Like the book, the opening should be a clear indication that things aren't going to end well for everyone involved - no matter how well-intentioned certain actions were meant. It's an often tough ride to roll along with - especially if you were expecting some impressively dark comedy to help lighten the mood. My first viewing I was only mildly satisfied because after reading the book I had some expectations about certain events. While the film hits those beats admirably, the humor is often lost. Some does come through, but not quite enough to lighten the thematic load. But the film stuck with me. I kept thinking about it so I gave it a second viewing a day later and I now fully appreciate this adaptation.
I'm never one to feel that film adaptations need to be strictly to the letter of the book. Some elements of novels just don't translate to movies so changes need to be made. One of the best examples of this - and subsequently why a less humorous and more meditative adaptation - is the relationship between John Morris and Warm. In the book, you don't really meet them until late in the story and then you're given some diary material to explain things. The film smartly expands their respective roles and plays them concurrently with Eli and Charlie's own journey. It not only gives you more context but also strengthens their relationship and provides some nice juxtaposition between the characters and their dynamics.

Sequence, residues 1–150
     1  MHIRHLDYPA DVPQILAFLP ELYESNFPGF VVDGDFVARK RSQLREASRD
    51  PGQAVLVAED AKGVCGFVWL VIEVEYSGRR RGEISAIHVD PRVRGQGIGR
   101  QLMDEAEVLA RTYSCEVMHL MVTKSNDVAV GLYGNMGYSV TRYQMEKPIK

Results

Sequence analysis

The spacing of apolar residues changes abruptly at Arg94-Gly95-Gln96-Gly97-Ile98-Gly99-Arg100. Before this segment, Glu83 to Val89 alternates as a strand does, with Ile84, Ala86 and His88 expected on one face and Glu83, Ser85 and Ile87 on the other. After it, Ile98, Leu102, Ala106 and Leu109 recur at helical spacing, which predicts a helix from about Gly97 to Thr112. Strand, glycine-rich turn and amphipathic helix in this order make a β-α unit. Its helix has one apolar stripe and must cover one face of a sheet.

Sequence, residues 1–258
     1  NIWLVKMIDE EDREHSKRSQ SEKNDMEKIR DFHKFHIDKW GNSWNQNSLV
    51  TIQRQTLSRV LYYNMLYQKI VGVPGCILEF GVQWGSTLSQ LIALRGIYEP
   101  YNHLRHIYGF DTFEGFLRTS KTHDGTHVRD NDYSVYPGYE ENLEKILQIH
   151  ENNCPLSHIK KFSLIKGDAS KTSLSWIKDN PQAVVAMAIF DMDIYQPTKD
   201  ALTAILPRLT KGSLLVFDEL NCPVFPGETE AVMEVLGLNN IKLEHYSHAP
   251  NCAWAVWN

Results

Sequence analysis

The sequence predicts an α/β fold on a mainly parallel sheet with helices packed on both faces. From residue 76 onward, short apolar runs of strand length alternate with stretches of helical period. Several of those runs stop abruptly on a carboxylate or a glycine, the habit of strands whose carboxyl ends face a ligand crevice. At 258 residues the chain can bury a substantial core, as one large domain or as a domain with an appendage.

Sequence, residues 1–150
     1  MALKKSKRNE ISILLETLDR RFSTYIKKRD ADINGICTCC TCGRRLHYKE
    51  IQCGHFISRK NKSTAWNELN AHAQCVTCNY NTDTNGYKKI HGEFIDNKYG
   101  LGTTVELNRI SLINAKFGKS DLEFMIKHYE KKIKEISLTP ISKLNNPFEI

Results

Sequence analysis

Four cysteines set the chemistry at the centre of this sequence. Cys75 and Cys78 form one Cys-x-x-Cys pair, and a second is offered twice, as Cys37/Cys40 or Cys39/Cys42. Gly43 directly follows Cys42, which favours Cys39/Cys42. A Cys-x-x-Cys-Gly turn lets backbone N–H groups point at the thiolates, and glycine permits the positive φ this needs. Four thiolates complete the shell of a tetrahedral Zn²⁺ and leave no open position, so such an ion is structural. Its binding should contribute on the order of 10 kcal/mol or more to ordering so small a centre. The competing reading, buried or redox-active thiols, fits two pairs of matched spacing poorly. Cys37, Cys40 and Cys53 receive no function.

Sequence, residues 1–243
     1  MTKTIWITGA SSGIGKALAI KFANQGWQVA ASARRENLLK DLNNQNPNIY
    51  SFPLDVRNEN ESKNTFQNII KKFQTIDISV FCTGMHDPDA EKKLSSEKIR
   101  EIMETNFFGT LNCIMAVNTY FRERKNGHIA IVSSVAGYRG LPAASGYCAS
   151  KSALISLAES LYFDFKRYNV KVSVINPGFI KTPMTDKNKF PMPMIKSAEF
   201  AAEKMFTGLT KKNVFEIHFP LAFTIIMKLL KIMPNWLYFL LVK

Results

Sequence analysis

I love a good Western and The Sisters Brothers is a beautiful Western. Some could call it a "Revisionist Western" but I wouldn't go so far as that. Yes it's dirty and grim and the violence is played out in fairly graphic detail, but I would consider it more of a deconstruction of the genre. Truthfully this sort of story could be an average family drama or a gangster crime thriller and resonate just as effectively. It just happens to be a western and a damn beautiful one with exceptional performances from everyone involved. Reilly and Phoenix need to be in more movies together as they share genuine chemistry while Jake Gyllenhaal delivers another subdued but oddly arresting character. I've got to tip my hat to Riz Ahmed, he wasn't who I pictured Warm to be, but he wonderfully brings the character to life. It may not have been the box office hit that it should have been and it didn't earn the seasonal award accolades it deserves, but don't let The Sisters Brothers pass you by.
Vital Disc Stats: The Blu-ray
20th Century Fox saddles up The Sisters Brothers for Blu-ray in a two-disc Blu-ray + DVD + Digital set. Housed in an eco-friendly 2-disc case with identical slipcover artwork, the disc loads to trailers for other 20th Century Fox releases before arriving at an animated main menu with traditional navigation options.